Slavery by Another Name – There were a lot of components of this film that bothered me and unfortunately, I don’t think that Slavery by Another Name did justice to the subject of legal and economic slavery following the Civil War.  This could have been a nice follow-up chapter to Ken Burns’s Civil War (indeed, it set itself up as such by using some recognizable music from the latter), but fell so, so short in my opinion.

I found it difficult to keep track of the individual stories chronicled and don’t think that they were the best selections for illustrating the legal and social timeline that was supposedly documented.  It was quite jumbled (but in the film’s defense, my exhaustion may have contributed to this impression.)

One interviewee acknowledged that this period was brutal socially but made perfect economic sense.  This was one of the more interesting moments in the film because this conflict between social justice/opportunity/etc. and economic interests continues today.  Many parallels can be drawn between the “threat” freed blacks posed to whites – both the poor competing for jobs and the powerful rich – after the Civil War and hispanic immigrants today.

But there were some little annoyances, like the mismatched fonts used for quotes versus names of speakers.  And I thought the reenactments were hokey.  And the ending seemed abrupt; while it wasn’t entirely neglected, I think I expected to hear more about how current social norms descend from this time period.  I’m pretty sure this has been my least favorite film this year.  But maybe it will still be effective for a high school history class.  [ETA: apparently this got a standing ovation in Park City. Hm.]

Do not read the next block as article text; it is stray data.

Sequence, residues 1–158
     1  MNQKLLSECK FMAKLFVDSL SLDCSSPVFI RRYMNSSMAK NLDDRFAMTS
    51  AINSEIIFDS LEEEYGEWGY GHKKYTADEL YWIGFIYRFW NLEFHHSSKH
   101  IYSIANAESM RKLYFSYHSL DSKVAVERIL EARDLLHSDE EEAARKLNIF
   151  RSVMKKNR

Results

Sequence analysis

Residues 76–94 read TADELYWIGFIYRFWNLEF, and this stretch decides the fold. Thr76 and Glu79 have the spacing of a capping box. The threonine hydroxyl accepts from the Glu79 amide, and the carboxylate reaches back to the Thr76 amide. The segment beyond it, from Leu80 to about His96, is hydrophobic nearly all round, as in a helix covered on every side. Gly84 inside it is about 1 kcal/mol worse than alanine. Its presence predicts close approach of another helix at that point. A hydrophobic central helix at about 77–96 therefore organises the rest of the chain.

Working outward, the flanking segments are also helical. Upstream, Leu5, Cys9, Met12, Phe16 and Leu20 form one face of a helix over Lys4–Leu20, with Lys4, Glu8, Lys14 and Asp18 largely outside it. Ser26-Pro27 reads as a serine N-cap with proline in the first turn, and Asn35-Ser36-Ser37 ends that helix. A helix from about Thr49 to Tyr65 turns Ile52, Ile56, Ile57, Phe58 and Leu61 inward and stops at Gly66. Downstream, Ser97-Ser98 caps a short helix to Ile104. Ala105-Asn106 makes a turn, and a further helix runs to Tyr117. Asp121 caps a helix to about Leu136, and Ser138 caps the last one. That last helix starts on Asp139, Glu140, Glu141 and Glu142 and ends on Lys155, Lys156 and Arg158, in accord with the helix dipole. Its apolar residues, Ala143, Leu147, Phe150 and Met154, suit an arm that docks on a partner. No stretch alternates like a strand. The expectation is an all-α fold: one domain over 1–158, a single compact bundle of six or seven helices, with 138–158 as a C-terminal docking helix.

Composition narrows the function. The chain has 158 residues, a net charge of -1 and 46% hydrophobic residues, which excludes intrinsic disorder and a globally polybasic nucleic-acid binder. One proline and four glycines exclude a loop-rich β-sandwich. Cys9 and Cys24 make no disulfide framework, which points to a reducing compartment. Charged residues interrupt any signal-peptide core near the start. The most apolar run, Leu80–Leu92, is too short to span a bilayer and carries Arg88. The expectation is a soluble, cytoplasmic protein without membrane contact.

The Surrogate – I was initially planning to pointedly avoid this film because the subject matter seemed so not up my alley.  A physically disabled man hiring a sex surrogate?  Um…

After hearing the buzz surrounding The Surrogate, directed by Ben Lewin, though, I decided to give it a try and was pleasantly surprised.  Mark O’Brien (John Hawkes) confronts life with humor and hard work but does have his own demons that the sex surrogate, Cheryl (Helen Hunt), recognizes and helps to fight off.  This film is both a testament to all of the people, women in particular, who love and support Mark and the richness of spirit that he shares with others.  One of my favorite moments was when Mark’s priest and friend, played by William Macy (love!), tells him to “go for it” (doing the deed, that is) during a confession of sorts in the church.

The Surrogate displayed, like many other films I have seen this year, a skilled balance of humor and poignancy, but with the addition of a liberal dose of nudity.  The cast is fabulous.  John Hawkes shows his mastery in yet again – I’ve yet to be disappointed by one of his Sundance performances.  If you’re interested, here‘s an interview with him in the Wall Street Journal.  The Surrogate may not in my top 3, but is definitely recommended.

The Raid – This was badass, no mincing words about it.  I don’t usually watch action films like this, but the story line didn’t seem half bad either, following the annihilation of a SWAT team on a off-the-grid mission to take down a drug lord.  There’s even some police corruption and familial strife squeezed in – on one hand, absolutely essential to giving the audience a breather of sorts, but on the other hand, impressive (and impressively well integrated) for a film so jam-packed.

But really, the action was the reason why the theater was absolutely packed at midnight (I even met a group of guys who flew in from San Diego just to see this movie!) and it did not disappoint.  The director (Gareth Evans), the actors, whoever the designed these epic fight scenes, all contributed to make what has been termed “the best action movie in years.”  The hand-to-hand combat was insane.

This movie will be released in March in the US and I definitely recommend getting to see the original before a remake is done.  And if you want to see more, I’ve embedded the trailer below and here’s a link to the director’s blog.

The Raid Trailer v.2 from Merantau Films on Vimeo.

I’ll be back later with updates from the previous few days!  I’ve been slacking!